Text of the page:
Since entering IT nearly 8 years ago (as a developer) my role has changed ever further from coding more towards requirements gathering, account management, support, ITSM, comms and more. Along the way I’ve picked up certificates in project management (PRINCE2) and IT service management (ITIL and ISO20000). As time passed it became increasingly difficult to state what my job actually was. Whenever a new person joined the team we would go round the room to each introduce ourselves and state our job (“I’m and I’m a developer”) but when it got to me I’d find myself waffling about “…this and that…”
I knew I was doing something every day, quite a lot actually, but it was hard to state in a single job title what this was. I’d tried technical consultant analyst was sort of it but not exactly.
Then I came across the notion of the Business Analyst. This is a job title that appears to cover a good proportion of what I actually do for much of the day. To that end I’ve now bought the book (Business Analysis 2nd Edition, Paul, Yeates and Cadle [Editors], BCS), joined the LinkedIn group, and will ultimately attempt to persuade my employer to at least pay for the exam (if not a full taught course).
BA appears to be what I’ve been looking for, so let’s see where this takes me….Read More
Just some thoughts regarding the concept of conversion, i.e. the moment when you go to a web site and do the thing they want you to do. Quite what that is depends on the site of course: Amazon want you to buy something, Twitter want you to tweet something, the BBC want you to find the content and information you were looking for. So not always about sales, but sometimes not a clear, single outcome. The BBC’s conversion might be any number of things.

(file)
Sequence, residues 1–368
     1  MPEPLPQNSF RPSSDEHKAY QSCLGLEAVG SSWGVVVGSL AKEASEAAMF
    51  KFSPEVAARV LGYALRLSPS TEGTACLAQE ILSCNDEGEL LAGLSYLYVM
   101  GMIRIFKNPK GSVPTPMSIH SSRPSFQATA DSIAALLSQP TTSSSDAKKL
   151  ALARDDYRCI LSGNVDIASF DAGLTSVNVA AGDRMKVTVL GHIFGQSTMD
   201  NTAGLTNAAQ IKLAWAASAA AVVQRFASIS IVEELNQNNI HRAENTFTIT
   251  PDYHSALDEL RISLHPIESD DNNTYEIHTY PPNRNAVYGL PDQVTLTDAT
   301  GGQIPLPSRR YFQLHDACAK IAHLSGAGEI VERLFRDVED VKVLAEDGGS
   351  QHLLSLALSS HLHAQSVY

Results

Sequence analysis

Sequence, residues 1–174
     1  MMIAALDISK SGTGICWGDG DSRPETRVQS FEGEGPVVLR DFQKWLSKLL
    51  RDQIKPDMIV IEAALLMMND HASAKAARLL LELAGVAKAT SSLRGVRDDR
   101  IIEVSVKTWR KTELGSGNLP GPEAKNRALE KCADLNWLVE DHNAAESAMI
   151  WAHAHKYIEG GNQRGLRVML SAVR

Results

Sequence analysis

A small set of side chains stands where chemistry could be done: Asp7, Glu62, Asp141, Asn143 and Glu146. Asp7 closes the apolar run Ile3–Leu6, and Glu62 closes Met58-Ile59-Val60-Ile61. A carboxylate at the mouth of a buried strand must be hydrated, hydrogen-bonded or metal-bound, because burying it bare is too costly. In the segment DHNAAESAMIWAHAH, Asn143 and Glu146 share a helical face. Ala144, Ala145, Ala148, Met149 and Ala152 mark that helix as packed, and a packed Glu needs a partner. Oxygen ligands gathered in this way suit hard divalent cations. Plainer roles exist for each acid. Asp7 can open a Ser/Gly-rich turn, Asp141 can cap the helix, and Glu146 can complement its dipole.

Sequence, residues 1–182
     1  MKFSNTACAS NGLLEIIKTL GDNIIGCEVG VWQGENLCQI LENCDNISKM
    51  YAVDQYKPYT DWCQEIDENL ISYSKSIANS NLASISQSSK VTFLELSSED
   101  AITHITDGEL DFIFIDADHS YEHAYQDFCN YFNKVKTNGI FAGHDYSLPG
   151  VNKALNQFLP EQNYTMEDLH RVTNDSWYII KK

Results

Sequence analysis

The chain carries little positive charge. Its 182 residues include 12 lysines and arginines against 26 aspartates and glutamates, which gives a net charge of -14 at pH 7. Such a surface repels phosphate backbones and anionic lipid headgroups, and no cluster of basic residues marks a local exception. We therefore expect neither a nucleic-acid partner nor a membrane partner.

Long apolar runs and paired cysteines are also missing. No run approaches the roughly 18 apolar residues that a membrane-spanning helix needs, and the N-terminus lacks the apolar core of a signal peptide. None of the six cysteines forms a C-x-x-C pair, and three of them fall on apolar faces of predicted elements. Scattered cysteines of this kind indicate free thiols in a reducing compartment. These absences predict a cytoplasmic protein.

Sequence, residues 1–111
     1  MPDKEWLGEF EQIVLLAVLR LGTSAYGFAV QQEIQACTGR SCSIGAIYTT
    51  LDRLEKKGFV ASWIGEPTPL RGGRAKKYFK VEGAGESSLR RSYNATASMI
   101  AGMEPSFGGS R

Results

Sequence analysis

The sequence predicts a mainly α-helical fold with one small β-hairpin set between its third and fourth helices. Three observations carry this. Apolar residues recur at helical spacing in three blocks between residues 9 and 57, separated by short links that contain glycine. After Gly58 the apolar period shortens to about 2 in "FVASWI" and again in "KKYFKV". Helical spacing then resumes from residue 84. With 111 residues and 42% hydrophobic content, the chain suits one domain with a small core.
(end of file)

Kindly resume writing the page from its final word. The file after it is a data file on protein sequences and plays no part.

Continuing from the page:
What about an e-portfolio system? To record an event or learning outcome? To reflect on an event? Learn from something? Learn from everything? A great deal will depend on the user’s relationship with their e-portfolio. The reluctant user will want to just get done what’s required of them. The engaged user some sense of personal overview of their achievements and progression. In reality, for both users there’d probably a bit of both.
So how does a provider of an e-portfolio gear their system to best achieve this conversion when it can mean different things to different people at different times. Add on top of that the requirements of educational bodies who must assert their requirements into the system’s processes – by that I mean, college X requires that trainees complete certain number of assessments and demonstrate a particular set of competencies.
Perhaps the solution to this is to provide multiple paths that a user can follow in any particular visit to the site that will provide multiple possible conversion types. By identifying what these paths are from page 1 then can the conversion be achieved in a more efficient and productive way. The challenge then will be how to identify these paths, but help may be at hand in for form of Google analytics – something designed specifically for this task and best seen when looking at the clear business/e-commerce conversion types. More cryptic conversion types just means the analytics data contains a cryptic solution that will require more careful study of the data.Read More